Among the theoretical presentations during the EFN Asia Conference 2015 in Bhutan was made by Tom Palmer of Atlas. Reposting some slides and other discussions, in italics, below.
Happiness and Satisfaction.
Happiness, if understood as joy or contentment, it may be present today and gone tomorrow.
Life satisfaction, on the other hand, seems both more stable and easier to compare across cultures.
“The poor man’s son, whom heaven in its anger has visited with ambition, when he begins to look around him, admires the condition of the rich.. … He thinks if he had attained all these, he would sit still contentedly, and be quiet, enjoying himself in the thought of the happiness and tranquillity of his situation. He is enchanted with the distant idea of this felicity. …. To obtain the conveniencies which these afford, he submits in the first year, nay in the first month of his application, to more fatigue of body and more uneasiness of mind than he could have suffered through the whole of his life from the want of them. … With the most unrelenting industry he labours night and day to acquire talents superior to all his competitors. … he makes his court to all mankind; he serves those whom he hates, and is obsequious to those whom he despises.”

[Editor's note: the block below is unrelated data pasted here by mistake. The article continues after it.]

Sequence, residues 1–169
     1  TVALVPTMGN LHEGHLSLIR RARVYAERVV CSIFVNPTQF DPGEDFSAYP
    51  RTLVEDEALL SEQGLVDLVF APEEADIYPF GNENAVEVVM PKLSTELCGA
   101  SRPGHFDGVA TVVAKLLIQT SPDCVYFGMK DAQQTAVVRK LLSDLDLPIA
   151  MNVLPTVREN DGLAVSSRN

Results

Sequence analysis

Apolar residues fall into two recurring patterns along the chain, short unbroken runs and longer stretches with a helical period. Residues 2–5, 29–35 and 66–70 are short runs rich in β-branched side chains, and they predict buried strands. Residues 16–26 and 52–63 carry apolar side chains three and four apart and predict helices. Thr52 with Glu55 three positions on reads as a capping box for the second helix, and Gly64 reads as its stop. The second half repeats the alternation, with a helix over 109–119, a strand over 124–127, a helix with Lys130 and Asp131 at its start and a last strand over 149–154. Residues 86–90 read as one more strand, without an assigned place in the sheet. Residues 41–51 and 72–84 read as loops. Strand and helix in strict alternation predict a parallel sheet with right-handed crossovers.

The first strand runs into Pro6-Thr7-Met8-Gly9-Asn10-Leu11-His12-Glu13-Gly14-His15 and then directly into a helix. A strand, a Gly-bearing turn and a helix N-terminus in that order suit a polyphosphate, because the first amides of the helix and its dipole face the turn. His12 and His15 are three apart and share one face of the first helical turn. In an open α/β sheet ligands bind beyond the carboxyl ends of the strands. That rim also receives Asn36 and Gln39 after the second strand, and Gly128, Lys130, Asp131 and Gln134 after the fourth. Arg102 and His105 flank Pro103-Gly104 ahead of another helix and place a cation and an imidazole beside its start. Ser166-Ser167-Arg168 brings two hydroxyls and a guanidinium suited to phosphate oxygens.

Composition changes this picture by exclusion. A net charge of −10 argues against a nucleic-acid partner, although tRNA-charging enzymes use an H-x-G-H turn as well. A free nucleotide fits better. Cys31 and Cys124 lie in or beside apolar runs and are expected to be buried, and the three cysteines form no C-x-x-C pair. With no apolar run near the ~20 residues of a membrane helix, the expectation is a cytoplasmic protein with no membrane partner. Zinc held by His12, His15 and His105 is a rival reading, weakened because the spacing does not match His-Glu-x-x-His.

— Adam Smith, The Theory of Moral Sentiments
There are some problems with their analysis
- The distinction focuses on broad participation and constraints on power, but constraints need not be participatory, e.g.:
– Independent judiciary
– Independent central bank
– Division of powers, federalism, etc.
- Political institutions can be extractive and broad based at the same time
- The biggest logical problem they miss is that extractive is not the contrary of inclusive; exclusive is the contrary of inclusive
- And the biggest concrete problem they miss is populist cronyism
- Populism promises mass predation on the middle classes, “plutocrats,” or economic minorities
And inevitably – Results in cronyism and empowered elites
The damage of extractive regimes can be undone, however, with a program of inclusive economic growth
- Democratic and broadbased reforms that make clear promises of shared prosperity can succeed
- Inclusive politically because they are broadbased and pluralistic, &
- Inclusive economically because they “allow and encourage participation by the great mass of people in economic activities”
Inclusive Growth Requires Economic Freedom and Limited, Effective Government.